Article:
Last update Dec. 28, 2023

Econazole

Very Low Risk

Safe. Compatible. Minimal risk for breastfeeding and infant.

Econazole is a topical imidazole antifungal used to treat tinea pedis, tinea cruris, tinea corporis, cutaneous candidiasis and tinea versicolor. topical cutaneous administration.

At the time of the last update, we found no published data on its excretion in breast milk.

The very low plasma absorption of econazole through the skin or vagina, less than 1% (Alvogen 2017, Mactal 2001, Benziger 1983), makes passage of significant amount into breast milk very unlikely.

Expert authors consider the use of this drug safe during lactation. (Hale, LactMed, Briggs 2015, Leachman 2006)

Do not apply on nipple-areola or clean thoroughly before breastfeeding.

Alternatives

  • Clotrimazole ( Safe. Compatible. Minimal risk for breastfeeding and infant.)
  • Miconazole ( Safe. Compatible. Minimal risk for breastfeeding and infant.)

Suggestions made at e-lactancia are done by APILAM team of health professionals, and are based on updated scientific publications. It is not intended to replace the relationship you have with your doctor but to compound it. The pharmaceutical industry contraindicates breastfeeding, mistakenly and without scientific reasons, in most of the drug data sheets.

Jose Maria Paricio, Founder & President of APILAM/e-Lactancia

Your contribution is essential for this service to continue to exist. We need the generosity of people like you who believe in the benefits of breastfeeding.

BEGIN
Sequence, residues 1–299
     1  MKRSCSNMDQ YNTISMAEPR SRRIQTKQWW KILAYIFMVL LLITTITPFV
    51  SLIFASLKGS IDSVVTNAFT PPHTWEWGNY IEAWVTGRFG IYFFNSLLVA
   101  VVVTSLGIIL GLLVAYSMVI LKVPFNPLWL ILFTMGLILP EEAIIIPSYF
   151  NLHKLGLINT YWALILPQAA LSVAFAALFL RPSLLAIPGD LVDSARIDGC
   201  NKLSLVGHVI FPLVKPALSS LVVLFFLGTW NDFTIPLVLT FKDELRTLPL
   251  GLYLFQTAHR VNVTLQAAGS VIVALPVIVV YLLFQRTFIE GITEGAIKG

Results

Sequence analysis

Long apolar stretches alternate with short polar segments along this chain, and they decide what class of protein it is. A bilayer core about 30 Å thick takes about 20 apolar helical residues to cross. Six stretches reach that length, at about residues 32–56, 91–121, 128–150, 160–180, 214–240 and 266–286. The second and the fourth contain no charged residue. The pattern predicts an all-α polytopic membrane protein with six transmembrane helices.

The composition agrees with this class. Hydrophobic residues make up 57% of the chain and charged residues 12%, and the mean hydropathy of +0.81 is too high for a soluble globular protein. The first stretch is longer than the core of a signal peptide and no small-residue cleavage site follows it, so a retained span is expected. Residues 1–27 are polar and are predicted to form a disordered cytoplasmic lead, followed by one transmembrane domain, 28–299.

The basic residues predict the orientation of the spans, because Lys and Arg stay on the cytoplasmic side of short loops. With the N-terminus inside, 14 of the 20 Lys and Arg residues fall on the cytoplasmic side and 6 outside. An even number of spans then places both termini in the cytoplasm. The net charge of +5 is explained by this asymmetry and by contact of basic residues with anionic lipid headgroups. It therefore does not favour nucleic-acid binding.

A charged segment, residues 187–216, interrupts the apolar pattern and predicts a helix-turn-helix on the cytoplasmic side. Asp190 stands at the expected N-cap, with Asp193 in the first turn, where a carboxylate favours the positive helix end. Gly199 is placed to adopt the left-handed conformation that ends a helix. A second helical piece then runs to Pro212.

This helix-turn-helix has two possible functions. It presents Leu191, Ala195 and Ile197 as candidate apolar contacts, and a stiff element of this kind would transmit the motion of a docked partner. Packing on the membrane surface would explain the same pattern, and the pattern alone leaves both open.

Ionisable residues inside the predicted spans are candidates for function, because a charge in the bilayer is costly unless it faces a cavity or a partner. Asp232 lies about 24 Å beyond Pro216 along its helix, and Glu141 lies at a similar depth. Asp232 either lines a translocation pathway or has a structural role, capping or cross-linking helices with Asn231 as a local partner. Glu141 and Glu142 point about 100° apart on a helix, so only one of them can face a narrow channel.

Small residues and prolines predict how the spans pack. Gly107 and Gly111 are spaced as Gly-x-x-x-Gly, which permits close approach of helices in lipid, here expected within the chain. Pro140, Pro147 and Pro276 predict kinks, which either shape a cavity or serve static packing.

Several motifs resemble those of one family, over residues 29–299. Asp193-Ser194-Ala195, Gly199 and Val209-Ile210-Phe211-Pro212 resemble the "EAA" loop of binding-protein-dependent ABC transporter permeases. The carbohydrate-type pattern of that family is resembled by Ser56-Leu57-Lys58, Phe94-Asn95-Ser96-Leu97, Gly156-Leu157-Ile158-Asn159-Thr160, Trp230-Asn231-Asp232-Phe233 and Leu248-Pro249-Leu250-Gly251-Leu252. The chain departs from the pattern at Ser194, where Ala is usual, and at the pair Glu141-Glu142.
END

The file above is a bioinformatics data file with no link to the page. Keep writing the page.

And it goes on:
Thank you for helping to protect and promote breastfeeding.

José María Paricio, founder of e-lactancia.

Other names

Econazole is also known as


Econazole in other languages or writings:

Tradenames

Main tradenames from several countries containing Econazole in its composition:

Pharmacokinetics

Variable Value Unit
Oral Bioavail. 0 %
Molecular weight 445 daltons

References

  1. LactMed. Drugs and Lactation Database (LactMed). Internet. Bethesda (MD): National Library of Medicine (US); 2006-. Available from: https://www.ncbi.nlm.nih.gov/books/NBK501922/ 2006 - Consulted on April 16, 2024 Full text (link to original source)
  2. Hale TW. Medications & Mothers' Milk. 1991- . Springer Publishing Company. Available from https://www.halesmeds.com Consulted on April 10, 2024 Full text (link to original source)
  3. Briggs GG, Freeman RK, Towers CV, Forinash AB. Drugs in Pregnancy and Lactation: A Reference Guide to Fetal and Neonatal Risk. Wolters Kluwer Health. Tenth edition (acces on line) 2015
  4. Leachman SA, Reed BR. The use of dermatologic drugs in pregnancy and lactation. Dermatol Clin. 2006 Abstract
  5. Mactal-Haaf C, Hoffman M, Kuchta A. Use of anti-infective agents during lactation, Part 3: Antivirals, antifungals, and urinary antiseptics. J Hum Lact. 2001 Abstract
  6. Benziger DP, Edelson J. Absorption from the vagina. Drug Metab Rev. 1983;14(2):137-68. Review. Abstract

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